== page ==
Cape High juniors Talia Liburdi and Adam Meacci scored higher on the PSAT than most students in five states, earning the chance to participate in College Board National Recognition Programs.
Students took the PSAT in October, when Talia and Adam scored in the top 2.5 percent among high school juniors in New York, Pennsylvania, New Jersey, Maryland and Delaware.
An accounting and computer pathway student, Talia said she is considering studying business and computer design or foreign languages in college.
She was recently elected vice president of leadership in Delaware’s chapter of the Distributed Education Clubs of America for the 2020-21 school year. In February, she won second place in her category in the state DECA competition, which helps prepare future business leaders and entrepreneurs for college and careers.
A member of the marching band color guard, she helps choreograph the flag routine for Cape High’s band performance in parades and football game halftime shows. She takes English and math Academic Challenge classes, as well as AP classes in computer science, environmental science and history.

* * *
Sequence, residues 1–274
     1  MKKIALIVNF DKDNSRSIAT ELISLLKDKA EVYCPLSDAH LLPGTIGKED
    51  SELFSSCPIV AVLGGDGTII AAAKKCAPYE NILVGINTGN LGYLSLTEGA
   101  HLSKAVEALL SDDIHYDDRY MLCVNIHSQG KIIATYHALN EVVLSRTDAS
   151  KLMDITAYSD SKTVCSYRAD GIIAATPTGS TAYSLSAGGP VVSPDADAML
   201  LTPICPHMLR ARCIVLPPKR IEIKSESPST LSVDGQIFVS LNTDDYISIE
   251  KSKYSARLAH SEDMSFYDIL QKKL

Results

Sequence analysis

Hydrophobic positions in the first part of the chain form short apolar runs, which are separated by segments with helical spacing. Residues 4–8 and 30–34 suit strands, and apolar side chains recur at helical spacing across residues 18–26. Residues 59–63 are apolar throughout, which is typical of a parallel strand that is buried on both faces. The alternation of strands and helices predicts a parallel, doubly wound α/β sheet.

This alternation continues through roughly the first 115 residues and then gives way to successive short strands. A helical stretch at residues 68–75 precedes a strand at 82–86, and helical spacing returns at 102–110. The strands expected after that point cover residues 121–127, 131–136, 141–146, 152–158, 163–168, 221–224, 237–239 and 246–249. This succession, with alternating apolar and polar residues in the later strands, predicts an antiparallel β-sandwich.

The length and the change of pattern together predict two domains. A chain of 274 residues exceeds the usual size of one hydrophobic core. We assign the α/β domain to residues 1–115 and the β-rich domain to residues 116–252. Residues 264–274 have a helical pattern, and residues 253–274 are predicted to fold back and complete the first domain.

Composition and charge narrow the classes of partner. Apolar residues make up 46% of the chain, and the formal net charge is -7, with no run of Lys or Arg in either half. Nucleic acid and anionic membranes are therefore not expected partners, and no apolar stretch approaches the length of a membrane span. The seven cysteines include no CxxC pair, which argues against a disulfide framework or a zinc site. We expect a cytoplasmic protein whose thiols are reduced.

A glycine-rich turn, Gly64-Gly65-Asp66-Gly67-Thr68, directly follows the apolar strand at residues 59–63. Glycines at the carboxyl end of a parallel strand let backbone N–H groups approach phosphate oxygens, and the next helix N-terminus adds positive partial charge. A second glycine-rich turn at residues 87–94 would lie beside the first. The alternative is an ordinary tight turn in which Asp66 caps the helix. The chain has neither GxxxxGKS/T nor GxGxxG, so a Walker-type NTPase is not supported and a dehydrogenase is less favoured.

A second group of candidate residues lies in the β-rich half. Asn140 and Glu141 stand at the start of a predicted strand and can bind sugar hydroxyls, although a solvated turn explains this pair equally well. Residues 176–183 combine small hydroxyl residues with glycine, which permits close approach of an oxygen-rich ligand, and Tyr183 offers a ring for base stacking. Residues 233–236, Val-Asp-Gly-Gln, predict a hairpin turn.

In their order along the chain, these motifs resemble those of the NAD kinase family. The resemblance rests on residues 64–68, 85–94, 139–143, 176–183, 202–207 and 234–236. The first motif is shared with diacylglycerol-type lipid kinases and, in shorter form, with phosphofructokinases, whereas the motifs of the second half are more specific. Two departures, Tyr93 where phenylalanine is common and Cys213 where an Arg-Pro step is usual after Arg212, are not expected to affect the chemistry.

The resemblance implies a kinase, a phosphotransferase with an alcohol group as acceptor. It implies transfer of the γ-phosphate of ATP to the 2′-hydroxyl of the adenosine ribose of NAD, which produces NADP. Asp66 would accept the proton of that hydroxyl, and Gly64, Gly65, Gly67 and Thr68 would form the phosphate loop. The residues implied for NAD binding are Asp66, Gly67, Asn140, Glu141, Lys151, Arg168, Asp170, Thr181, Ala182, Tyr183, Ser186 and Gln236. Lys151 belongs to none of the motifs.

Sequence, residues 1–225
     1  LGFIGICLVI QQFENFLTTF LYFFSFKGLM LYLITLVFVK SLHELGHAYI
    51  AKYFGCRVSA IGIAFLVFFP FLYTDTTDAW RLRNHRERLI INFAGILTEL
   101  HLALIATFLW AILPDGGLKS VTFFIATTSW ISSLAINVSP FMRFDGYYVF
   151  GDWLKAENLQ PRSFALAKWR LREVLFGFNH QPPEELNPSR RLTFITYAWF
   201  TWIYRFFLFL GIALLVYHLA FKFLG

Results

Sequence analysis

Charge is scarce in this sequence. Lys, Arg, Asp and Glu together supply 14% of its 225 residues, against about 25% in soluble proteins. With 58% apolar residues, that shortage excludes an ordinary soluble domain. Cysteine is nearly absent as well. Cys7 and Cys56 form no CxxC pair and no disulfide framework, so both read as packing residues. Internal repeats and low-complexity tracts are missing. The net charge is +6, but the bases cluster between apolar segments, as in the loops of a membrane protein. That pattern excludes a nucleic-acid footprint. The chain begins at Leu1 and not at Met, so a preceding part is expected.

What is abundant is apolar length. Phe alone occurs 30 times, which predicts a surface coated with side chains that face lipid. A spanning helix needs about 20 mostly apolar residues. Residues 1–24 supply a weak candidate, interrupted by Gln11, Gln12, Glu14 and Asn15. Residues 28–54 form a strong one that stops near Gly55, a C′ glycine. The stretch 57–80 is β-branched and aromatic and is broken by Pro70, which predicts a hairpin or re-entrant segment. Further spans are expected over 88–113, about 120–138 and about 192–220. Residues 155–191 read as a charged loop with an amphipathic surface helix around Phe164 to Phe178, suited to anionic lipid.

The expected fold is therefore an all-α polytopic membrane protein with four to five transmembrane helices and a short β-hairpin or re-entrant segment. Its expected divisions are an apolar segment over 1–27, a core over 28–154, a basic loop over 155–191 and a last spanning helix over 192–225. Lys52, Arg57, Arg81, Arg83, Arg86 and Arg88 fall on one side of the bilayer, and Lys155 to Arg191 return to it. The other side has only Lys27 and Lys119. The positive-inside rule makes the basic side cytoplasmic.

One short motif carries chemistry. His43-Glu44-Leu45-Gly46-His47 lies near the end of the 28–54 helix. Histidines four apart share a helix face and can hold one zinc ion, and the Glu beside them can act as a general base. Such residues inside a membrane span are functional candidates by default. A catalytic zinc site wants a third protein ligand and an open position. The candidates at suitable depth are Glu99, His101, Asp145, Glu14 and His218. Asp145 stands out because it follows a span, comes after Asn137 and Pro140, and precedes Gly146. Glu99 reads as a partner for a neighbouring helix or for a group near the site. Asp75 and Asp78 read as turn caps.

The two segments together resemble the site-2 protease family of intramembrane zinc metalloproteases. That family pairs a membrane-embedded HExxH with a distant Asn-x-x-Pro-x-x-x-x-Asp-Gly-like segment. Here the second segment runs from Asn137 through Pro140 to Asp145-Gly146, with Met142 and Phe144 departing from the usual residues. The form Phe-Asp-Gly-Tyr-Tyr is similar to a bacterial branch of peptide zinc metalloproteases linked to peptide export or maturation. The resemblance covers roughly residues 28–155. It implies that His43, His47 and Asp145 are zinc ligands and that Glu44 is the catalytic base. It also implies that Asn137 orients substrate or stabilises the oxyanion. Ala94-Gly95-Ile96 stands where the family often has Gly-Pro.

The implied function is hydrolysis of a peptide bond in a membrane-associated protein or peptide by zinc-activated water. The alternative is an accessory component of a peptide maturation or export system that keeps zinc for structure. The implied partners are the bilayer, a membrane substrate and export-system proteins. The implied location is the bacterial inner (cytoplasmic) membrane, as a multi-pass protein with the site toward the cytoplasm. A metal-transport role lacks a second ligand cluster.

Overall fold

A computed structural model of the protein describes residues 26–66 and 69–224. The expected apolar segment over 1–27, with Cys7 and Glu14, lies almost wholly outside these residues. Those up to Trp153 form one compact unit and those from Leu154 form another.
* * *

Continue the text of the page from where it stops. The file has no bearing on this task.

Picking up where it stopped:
Talia, of Lewes, performs community service through her membership in Cape High’s National Honor Society and Leo Club.
Adam is an audio, radio and video pathway student who enjoys filming and creating videos, and is interested in the business field. As a member of the Delaware Community Foundation’s Youth Philanthropy Board, he works with other county students to award $10,000 in grants to local charities.
Adam, of Rehoboth, is a member of the Leo Club, National Honor Society and tennis team. He takes AP classes in English, physics, European history and calculus.
College Board National Recognition Programs grant students academic honors that can be included on college applications. Colleges use these honors to identify students from underrepresented groups who have excelled on the test and in the classroom. Talia and Adam will receive their recognition in September.
Underrepresented groups include African-American or Hispanic students, as well as students who attend school in rural areas or small towns. Students must have a cumulative GPA of 3.5 or higher by the middle of their junior year to be eligible.